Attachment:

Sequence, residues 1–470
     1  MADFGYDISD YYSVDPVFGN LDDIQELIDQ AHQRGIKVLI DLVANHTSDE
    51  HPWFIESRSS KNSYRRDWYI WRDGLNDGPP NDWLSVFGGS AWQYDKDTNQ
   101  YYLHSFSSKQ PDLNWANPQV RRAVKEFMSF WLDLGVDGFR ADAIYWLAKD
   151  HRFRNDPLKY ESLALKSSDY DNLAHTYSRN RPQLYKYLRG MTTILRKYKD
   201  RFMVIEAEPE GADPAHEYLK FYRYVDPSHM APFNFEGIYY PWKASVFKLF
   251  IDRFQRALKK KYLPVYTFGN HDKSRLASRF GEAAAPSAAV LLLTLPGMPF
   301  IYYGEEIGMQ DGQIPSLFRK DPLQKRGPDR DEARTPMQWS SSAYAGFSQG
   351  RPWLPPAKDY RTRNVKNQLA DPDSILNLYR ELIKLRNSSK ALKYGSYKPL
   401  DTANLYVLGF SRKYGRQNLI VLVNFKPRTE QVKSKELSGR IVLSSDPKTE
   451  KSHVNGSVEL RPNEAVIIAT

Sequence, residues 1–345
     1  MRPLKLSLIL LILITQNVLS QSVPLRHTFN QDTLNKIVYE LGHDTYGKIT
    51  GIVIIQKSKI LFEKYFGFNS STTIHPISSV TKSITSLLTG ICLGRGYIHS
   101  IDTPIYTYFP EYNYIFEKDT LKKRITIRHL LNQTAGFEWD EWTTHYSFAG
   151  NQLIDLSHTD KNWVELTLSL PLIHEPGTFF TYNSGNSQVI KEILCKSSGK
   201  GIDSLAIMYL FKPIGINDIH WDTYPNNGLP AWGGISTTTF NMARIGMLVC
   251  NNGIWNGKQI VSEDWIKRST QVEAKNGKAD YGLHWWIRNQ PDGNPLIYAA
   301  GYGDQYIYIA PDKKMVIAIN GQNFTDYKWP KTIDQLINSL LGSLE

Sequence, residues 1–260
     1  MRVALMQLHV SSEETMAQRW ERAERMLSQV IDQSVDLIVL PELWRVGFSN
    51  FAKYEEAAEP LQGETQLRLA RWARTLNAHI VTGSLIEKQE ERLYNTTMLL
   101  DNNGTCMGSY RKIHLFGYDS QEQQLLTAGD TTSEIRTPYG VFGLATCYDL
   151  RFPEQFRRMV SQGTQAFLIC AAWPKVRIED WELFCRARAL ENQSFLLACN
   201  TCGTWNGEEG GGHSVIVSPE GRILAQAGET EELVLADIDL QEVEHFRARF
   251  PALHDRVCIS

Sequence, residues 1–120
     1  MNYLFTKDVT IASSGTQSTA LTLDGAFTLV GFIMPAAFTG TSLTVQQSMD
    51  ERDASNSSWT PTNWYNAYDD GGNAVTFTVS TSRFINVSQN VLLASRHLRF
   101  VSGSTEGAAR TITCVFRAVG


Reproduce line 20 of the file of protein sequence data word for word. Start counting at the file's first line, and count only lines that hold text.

Sequence, residues 1–260